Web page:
A decision to remove police officers from schools will disadvantage young people, say councillors.
The force has announced it is standing down its 26 schools' officers while a new model of policing is being worked on.
In a letter addressed to school leaders, temporary assistant chief constable of local policing, Adam Ball, said the changes were a result of a consultation under way into the force's neighbourhood policing model.
The letter sets out how the new model will be implemented in June and, until then, dedicated schools' officers will be stood down, with only a small central unit remaining in place to support schools.
The letter reads: "This is a consequence of a period of intense recruitment, high-profile events and changes to demand, particularly those requiring a 999 response."
The force is in the process of looking at ways to save £6.7 million. One of the measures being proposed is cutting 232 PCSOs.
Officers have been moved around to bolster the force control room to deal with 101 call demand.
Medway councillor Tristan Osborne (Lab) said: “The emergency announcement by Kent Police to retrospectively reduce these teams has not been welcomed by school leaders.
"These teams were an important part of community outreach and specifically working with vulnerable adults around issues such as anti-social behaviour and drug lines.
"Many of these officers had developed important and lasting relationships with professionals working on the frontline and allowed officers to proactively deter crime and deflect people from destructive pathways.
"The outcomes of these engagements were tangible and the loss of these officers will be felt in years to come.
“These teams were redeployed due to resourcing issues at very short notice and we do have concerns about the current situation in north Kent with rapid redeployments and communications at present with the community.
“Community safety and working in partnerships are a critical part of good Policing and this needs to be reflected in any forthcoming restructure of services”
Cllr Clive Johnson (Lab) added: “The loss of the schools’ policing team is a serious blow to our young people and to our communities.
"Medway Labour welcomed the Medway Schools’ Policing Team when it was set up.
"At a time when our communities need the reassurance of an active police presence, building positive relationships with young people as schools deal with some of the social pressures of twelve years of austerity and the Covid pandemic, those policing resources are needed now more than ever.”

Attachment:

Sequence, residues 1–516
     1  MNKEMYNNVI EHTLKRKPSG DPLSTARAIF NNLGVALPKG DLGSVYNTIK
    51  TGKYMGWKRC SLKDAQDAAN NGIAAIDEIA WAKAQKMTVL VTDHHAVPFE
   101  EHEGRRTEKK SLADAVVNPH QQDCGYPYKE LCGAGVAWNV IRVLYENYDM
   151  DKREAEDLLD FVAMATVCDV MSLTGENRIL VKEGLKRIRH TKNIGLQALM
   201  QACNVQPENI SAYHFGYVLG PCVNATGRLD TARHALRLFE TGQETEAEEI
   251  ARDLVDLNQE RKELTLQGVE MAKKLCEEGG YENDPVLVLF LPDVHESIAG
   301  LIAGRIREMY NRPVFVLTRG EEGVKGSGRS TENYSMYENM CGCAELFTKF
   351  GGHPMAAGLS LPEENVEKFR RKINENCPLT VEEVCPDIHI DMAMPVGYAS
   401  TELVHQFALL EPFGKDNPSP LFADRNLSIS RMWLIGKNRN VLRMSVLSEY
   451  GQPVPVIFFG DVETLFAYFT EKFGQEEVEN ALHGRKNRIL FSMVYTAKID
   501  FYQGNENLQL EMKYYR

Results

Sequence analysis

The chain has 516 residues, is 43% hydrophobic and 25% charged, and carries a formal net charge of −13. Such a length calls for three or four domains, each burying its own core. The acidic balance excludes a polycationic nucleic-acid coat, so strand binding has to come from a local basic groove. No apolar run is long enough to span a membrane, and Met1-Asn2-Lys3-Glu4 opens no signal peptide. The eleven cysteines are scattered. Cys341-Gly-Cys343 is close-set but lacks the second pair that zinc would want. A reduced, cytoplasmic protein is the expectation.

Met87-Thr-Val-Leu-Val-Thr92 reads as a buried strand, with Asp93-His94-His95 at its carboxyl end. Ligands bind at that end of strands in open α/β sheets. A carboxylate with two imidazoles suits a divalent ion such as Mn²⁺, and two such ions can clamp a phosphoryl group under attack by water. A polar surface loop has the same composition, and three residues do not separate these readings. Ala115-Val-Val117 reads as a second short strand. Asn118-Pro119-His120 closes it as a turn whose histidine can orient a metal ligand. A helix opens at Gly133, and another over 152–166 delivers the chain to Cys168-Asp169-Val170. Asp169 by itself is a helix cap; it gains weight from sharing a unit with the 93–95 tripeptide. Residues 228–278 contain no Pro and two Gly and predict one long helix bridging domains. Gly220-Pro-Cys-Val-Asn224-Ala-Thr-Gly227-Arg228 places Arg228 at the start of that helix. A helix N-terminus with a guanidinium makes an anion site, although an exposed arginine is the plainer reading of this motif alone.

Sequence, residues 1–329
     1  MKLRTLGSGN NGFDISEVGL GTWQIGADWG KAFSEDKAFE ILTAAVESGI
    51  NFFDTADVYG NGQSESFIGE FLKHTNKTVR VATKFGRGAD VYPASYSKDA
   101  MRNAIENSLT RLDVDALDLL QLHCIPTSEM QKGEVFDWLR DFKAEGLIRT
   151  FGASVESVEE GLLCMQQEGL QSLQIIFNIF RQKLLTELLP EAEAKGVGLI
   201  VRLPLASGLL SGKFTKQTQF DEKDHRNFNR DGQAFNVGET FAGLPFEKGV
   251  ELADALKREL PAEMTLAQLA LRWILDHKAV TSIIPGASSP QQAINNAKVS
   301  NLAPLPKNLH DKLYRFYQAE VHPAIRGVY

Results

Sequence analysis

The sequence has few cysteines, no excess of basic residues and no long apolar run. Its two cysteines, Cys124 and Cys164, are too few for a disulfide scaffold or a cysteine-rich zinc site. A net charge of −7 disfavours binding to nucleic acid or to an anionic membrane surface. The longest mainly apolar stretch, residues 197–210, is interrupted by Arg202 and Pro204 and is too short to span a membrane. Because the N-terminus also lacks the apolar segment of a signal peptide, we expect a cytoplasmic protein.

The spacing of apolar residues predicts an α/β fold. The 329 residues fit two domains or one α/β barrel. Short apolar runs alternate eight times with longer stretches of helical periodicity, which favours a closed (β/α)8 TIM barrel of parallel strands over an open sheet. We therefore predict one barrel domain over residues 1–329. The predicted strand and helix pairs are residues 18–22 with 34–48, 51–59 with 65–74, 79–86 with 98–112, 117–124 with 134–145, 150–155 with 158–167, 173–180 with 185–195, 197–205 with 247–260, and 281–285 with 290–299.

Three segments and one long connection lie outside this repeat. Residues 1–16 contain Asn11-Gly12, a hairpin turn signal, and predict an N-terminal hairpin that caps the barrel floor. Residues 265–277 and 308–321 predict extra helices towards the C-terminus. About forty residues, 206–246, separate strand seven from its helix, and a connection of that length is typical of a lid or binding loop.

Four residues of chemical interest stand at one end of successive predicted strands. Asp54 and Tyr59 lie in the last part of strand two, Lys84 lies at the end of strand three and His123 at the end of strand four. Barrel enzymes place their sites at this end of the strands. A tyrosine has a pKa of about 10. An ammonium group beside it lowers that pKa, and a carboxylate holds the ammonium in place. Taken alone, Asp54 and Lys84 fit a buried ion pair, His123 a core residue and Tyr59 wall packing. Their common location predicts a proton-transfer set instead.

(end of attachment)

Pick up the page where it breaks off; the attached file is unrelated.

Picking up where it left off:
Kent Police deputy chief constable Peter Ayling said: "Keeping children safe is a top priority for Kent Police and the welfare of young people is at the heart of our proposed new model for neighbourhood policing.
"The proposals include the creation of new Child-Centred Policing Teams (CCPTs) for each district across the county, giving every school a single point of contact who would also work closely with other departments including the County Lines and Gangs Team and the Missing and Child Exploitation Teams to provide intervention and support for young people deemed most at risk.
"The CCPTs would consist of both PCs and PCSOs, and represent a significant increase in personnel on the 26 schools officers.
"Our schools officers have done a fantastic job supporting children, teachers and other school staff, and the proposed CCPTs are intended to build on their legacy and strengthen our ability to protect and build lasting relationships with vulnerable young people.
"They would also be crucial to delivering our Child-Centred Policing Plan, which underlines our commitment with our partners to protect those in society who need us the most.
"As a result of the Home Office-funded police officer uplift programme Kent Police will have 4,145 officers by March 2023, the highest in our history.
"The proposed new model will therefore also see 134 extra police officers moved into neighbourhood policing, with every council ward having a dedicated named officer."